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COVID-19: How to protect staff and avoid legal consequences

As the return to the ‘new normal’ post COVID-19 workplace starts to become the focus for many organisations as lockdown measures relax, International SOS urges businesses to make sure that the return is safe and sustainable.

In many locations, it is also becoming evident that court cases may ensue if businesses do not implement the correct mitigation measures.

Dr Mark Parrish, Regional Medical Director, Northern Europe at International SOS comments:

“Businesses are facing unprecedented challenges on multiple fronts. As part of ensuring the sustainability of operations, organisations must protect the safety and well-being of their employees throughout the return to work. Anything less could result in a backwards step in the successful return to operations, in the fight against COVID-19 and could even result in prosecutions.”

Dr Parrish continues, “While no business can guarantee preventing the spread of infection, vital precautionary steps will minimise risks, fulfil duty of care responsibilities and promote workforce resilience.

“Whatever the circumstances, whether an office, a factory, a retail outlet or even out on an oil rig, preparation and ongoing actionable insights drawing from the most up to date information are a must to detect threats, mitigate risks and provide swift treatment if needed.

“Taking into account governmental guidelines and assessing what is necessary for a particular workforce, both from a logistical perspective and personal one, to return safely will take great measures for many businesses. It will be the organisations that implement the correct measures which will have the greatest chance of success in return to operations.”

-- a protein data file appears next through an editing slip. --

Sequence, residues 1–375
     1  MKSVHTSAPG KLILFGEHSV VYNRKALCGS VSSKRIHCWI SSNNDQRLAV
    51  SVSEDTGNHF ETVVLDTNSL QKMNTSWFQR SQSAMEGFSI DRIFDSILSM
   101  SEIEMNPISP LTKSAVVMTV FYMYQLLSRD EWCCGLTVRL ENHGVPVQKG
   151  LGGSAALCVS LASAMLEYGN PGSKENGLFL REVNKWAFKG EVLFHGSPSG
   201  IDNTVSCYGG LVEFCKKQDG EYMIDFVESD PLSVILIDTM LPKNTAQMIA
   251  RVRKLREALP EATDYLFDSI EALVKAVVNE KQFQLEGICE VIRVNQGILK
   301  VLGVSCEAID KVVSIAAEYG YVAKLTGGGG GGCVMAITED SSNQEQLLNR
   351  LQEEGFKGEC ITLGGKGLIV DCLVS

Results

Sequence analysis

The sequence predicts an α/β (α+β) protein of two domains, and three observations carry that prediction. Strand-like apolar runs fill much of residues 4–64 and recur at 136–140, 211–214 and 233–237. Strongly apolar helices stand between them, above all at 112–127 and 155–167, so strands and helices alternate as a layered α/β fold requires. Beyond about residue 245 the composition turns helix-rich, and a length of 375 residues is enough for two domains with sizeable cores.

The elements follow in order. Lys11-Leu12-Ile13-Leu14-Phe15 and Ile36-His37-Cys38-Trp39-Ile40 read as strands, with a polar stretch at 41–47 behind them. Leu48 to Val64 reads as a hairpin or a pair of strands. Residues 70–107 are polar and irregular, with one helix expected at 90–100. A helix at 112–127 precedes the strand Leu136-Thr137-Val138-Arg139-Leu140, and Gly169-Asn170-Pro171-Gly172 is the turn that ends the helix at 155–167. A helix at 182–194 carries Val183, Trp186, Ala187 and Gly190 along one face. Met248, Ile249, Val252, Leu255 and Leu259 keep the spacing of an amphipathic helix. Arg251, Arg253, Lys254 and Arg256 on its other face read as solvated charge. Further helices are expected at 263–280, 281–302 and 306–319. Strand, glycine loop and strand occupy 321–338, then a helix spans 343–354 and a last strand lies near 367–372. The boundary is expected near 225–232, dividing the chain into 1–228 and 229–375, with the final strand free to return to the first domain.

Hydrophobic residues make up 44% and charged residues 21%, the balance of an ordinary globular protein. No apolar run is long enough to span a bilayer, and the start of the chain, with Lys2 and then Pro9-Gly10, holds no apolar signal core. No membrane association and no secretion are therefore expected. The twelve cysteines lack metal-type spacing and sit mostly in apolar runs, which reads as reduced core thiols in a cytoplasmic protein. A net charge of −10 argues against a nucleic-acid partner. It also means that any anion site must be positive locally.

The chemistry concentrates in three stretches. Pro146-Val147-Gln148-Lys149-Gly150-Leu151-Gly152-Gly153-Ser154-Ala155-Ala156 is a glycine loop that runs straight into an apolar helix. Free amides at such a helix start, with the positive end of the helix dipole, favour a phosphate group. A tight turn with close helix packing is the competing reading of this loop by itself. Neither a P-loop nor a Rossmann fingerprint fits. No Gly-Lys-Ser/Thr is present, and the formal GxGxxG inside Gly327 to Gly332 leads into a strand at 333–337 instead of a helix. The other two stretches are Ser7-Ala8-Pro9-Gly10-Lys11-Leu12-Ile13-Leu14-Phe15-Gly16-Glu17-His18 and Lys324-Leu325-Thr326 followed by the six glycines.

Read more about COVID-19 in the mining sector

International SOS highlights eight steps for returning to WORKSAFE operations:

Workspace environment: consider screening, zoning, barriers, cleaning protocols, ventilation, access, and the provision of PPE & IT equipment where needed.

Operations: isolation, essential hygiene, health and medical measures; health questionnaires and providing physical and mental health support.

Regulations: policies monitored, in line with Government regulations and ensuring medical needs are fully covered including Occupational Health and Safety and travel.

Knowledge: understanding of the latest quarantine and transport requirements and medical certificates.  Ability to do contact tracing and quarantining in a timely manner. Privacy considerations are also a must.

Social distancing; limiting numbers to the workplace, space planning, staggering working hours and days, including A/B team shifts, continued flexible and remote working.

Alert: setup automated methods to be alerted to emerging threats: new local clusters, second waves, and changing security risks e.g. civil unrest

Fortify: establish partnerships with apolitical infectious disease experts, providing accurate and timely advice

Empowering employees: communication and training is key to deliver new workplace arrangements and policies. Engaging leadership and role modelling are critical. Effective complaint practices.

The details of this were presented at a webinar: how to ensure a safe return to the workplace in Africa. To view the recording, click here

For up to date information on COVID-19, click here